Before the Court, the Belgian government – supported by the European Commission and several governments of other Member States of the European Union – argued in addition to the Belgian migration authorities’ arguments that the Visa Code does not apply at all to visa applications such as the one made by X and X, as they should be regarded as an application for a visa that would allow a stay of more than three months. Such visa fall outside the scope of the Visa Code, thereby also excluding an application of the Charter according to Article 51 of the Charter, and should therefore be dealt with under national law.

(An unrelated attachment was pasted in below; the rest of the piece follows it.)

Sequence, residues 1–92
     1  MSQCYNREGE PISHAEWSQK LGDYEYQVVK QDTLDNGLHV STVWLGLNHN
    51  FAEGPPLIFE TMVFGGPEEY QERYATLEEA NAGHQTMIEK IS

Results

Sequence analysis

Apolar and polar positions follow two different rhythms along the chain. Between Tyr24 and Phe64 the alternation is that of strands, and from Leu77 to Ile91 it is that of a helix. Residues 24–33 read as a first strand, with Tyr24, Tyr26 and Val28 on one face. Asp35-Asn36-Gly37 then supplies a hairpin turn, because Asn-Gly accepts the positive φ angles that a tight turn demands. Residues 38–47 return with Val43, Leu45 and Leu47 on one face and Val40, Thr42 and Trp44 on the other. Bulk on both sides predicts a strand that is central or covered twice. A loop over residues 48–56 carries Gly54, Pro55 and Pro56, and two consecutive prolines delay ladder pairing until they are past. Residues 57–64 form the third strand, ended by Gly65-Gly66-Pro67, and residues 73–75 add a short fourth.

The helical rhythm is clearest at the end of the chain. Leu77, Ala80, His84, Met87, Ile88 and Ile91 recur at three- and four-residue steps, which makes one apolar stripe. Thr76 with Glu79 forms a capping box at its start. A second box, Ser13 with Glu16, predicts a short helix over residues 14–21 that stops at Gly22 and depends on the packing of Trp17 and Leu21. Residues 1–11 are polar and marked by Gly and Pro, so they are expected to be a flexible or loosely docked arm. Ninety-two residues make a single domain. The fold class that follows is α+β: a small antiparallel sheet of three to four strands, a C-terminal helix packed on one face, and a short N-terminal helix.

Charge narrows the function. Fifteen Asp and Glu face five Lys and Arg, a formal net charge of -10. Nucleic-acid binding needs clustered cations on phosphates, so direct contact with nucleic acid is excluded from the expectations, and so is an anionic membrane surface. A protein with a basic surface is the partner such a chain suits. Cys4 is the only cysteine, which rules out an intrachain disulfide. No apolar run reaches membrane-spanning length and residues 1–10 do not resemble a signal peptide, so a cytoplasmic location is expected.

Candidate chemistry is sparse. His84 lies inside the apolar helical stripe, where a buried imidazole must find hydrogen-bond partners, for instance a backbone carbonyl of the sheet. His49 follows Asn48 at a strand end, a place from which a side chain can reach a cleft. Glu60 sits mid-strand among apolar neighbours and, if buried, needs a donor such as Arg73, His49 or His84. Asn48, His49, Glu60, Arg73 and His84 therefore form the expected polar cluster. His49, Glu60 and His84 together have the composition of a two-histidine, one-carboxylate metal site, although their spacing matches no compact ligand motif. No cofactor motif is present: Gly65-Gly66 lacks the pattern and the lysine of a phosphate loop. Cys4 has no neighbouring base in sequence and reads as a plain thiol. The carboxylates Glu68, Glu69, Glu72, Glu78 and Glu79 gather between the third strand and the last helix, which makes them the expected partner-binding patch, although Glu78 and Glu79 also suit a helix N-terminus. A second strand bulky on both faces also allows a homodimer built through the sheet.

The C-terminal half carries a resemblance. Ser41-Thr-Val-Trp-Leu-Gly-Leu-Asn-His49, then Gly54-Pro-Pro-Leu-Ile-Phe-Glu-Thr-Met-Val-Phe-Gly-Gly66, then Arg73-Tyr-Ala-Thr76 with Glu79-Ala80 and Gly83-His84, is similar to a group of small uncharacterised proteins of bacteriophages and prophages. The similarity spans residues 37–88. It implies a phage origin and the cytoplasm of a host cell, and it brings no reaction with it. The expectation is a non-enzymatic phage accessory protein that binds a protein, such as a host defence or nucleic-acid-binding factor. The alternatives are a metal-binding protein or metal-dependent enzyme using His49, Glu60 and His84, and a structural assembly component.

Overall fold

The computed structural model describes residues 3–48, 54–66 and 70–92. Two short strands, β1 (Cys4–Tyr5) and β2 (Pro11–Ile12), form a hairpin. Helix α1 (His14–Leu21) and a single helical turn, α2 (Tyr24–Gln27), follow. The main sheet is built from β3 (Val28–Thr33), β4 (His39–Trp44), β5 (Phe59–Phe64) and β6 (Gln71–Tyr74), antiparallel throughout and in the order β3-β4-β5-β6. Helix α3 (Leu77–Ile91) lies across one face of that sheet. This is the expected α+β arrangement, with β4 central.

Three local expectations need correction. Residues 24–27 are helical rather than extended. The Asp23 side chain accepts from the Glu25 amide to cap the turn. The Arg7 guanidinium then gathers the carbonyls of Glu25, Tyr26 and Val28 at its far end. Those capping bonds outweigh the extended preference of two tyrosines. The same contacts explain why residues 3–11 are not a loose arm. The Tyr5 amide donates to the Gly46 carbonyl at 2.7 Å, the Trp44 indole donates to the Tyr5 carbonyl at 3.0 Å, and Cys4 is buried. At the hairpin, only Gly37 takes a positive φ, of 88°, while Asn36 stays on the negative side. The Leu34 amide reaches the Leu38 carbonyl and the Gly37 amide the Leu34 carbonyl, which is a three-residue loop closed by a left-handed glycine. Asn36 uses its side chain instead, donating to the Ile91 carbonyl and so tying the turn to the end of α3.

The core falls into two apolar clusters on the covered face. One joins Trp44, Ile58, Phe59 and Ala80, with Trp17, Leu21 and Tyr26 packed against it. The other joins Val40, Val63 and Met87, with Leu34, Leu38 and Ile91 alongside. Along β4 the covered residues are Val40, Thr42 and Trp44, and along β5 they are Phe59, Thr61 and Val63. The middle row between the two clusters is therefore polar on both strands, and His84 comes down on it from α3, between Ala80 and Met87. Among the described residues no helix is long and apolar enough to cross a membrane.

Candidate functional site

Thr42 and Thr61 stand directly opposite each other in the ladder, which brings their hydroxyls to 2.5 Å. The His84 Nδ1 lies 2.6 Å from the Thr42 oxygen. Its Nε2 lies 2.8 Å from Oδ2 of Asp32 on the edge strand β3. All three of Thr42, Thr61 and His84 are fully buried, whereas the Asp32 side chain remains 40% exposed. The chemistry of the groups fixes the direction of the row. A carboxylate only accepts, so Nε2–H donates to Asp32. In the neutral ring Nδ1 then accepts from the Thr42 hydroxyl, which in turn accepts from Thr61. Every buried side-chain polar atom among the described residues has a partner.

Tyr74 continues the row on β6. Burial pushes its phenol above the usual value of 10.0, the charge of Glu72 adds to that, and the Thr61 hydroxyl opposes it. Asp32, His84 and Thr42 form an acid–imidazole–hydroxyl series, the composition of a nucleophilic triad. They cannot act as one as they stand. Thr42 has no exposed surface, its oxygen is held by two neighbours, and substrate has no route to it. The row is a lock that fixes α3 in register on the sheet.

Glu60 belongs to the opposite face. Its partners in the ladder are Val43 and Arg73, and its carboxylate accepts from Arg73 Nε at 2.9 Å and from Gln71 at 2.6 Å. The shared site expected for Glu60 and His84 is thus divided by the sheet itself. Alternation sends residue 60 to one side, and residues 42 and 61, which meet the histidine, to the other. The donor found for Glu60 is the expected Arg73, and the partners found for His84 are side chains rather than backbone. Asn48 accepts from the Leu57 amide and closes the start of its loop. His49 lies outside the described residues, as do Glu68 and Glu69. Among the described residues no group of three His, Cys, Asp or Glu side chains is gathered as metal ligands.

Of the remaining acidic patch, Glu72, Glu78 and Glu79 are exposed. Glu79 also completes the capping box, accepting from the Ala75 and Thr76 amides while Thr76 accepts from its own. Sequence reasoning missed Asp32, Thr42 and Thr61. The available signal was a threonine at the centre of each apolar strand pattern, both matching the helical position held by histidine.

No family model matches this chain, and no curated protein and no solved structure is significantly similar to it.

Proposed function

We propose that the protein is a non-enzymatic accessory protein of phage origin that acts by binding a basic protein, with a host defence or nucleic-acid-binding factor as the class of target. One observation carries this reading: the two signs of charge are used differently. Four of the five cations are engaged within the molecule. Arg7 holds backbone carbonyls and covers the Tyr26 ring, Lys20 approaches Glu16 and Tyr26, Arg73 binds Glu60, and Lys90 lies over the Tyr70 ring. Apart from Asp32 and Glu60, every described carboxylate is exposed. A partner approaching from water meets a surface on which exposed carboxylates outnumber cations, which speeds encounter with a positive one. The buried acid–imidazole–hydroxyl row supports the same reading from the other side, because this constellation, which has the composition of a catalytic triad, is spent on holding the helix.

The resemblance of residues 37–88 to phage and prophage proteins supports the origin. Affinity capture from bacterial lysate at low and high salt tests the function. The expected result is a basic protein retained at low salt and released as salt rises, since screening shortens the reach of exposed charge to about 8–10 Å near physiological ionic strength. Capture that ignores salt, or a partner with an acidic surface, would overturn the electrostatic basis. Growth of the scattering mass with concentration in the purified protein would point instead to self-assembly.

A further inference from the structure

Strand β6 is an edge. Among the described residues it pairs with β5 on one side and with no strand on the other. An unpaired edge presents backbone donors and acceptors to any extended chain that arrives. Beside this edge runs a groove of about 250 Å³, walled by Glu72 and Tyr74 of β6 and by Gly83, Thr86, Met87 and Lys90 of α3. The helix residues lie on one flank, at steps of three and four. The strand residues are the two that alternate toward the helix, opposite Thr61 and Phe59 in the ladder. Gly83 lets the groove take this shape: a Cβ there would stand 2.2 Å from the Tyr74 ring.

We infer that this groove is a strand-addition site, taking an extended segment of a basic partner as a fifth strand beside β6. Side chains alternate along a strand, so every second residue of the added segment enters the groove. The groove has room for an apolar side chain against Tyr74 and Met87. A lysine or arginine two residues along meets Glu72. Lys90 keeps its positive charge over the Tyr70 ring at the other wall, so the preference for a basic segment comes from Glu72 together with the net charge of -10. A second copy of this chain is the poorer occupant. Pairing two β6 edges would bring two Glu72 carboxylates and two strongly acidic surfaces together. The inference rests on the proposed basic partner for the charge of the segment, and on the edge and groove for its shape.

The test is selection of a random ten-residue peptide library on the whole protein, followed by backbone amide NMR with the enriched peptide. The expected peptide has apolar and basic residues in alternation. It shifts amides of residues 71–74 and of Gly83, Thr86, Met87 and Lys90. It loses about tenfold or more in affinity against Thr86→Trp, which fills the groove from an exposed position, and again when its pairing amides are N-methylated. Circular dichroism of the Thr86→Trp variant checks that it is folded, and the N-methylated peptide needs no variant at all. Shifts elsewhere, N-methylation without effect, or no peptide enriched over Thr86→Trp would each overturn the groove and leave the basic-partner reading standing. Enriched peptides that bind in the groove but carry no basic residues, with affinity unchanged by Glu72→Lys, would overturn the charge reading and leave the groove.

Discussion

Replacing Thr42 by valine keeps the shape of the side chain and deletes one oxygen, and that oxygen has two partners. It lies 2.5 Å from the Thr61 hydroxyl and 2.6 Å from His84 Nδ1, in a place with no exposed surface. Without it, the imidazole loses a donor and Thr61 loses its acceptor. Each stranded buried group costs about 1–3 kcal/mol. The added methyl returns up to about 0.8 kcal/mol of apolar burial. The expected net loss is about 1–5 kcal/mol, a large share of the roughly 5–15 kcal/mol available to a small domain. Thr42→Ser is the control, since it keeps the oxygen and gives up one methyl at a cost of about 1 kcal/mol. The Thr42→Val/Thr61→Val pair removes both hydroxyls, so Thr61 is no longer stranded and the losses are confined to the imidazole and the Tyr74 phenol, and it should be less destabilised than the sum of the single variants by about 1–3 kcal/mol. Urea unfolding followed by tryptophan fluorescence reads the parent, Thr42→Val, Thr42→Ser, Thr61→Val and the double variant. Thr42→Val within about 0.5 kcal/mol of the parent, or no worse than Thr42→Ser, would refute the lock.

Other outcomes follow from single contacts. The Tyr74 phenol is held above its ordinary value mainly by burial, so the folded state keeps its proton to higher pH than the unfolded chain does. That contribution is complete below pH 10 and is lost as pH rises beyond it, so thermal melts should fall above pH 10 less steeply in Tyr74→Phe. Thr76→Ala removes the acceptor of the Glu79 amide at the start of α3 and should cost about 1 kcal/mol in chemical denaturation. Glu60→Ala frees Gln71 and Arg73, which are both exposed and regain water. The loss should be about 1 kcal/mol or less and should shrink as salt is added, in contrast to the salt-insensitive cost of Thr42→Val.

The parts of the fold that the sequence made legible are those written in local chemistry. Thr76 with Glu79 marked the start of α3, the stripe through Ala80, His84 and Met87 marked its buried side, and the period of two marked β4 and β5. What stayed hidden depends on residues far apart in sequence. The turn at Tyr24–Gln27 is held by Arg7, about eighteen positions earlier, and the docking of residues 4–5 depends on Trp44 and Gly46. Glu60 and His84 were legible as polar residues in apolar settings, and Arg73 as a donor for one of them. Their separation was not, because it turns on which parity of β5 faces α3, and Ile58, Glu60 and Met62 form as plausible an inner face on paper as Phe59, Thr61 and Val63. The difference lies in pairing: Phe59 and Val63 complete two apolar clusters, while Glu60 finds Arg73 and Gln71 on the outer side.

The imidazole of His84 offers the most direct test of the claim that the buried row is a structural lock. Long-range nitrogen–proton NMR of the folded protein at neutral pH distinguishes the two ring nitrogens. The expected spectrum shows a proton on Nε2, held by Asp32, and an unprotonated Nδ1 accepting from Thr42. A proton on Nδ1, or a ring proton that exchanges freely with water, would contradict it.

In his Opinion, Advocate General Mengozzi first deals with the arguments made by the Belgian government and the Commission, as the success of these arguments would lead to a lack of jurisdiction on the side of the Court. The AG argues primarily that nothing in the Visa Code justifies a conclusion that the applicant’s intention to seek international protection once on the territory of a Member State changes the nature or the subject of his or her application for a visa with limited territorial validity (LTV), or transform this application into an application for an authorization of a stay of longer than three months. The AG interprets Article 25(1) of the Visa Code as allowing Member States’ authorities to issue an LTV, even if they have serious doubts as to whether the applicant will leave the territory after the expiry of the visa or if other reasons to refuse a visa as listed under Article 32 exist. The AG underpins this argument further by reasoning that the applicants extended stay in Belgium would anyway be based on their status as applicants for international protection in accordance with Article 9(1) of Directive 2013/32, and no longer on the Visa Code. Therefore, the AG argues that the applicants’ intentions to stay longer than three months could at the very most be regarded as a reason to refuse a visa under Article 32 of the Visa Code, but could certainly not be a reason for the non-application of the Code. This is, according to the AG, also evident from the fact that during the whole of the application and appeals procedure the Belgian authorities assessed X and X’s application under the Visa Code – and that the reason for the refusal of the LTV was based on Article 32(1)(b) of the same Code.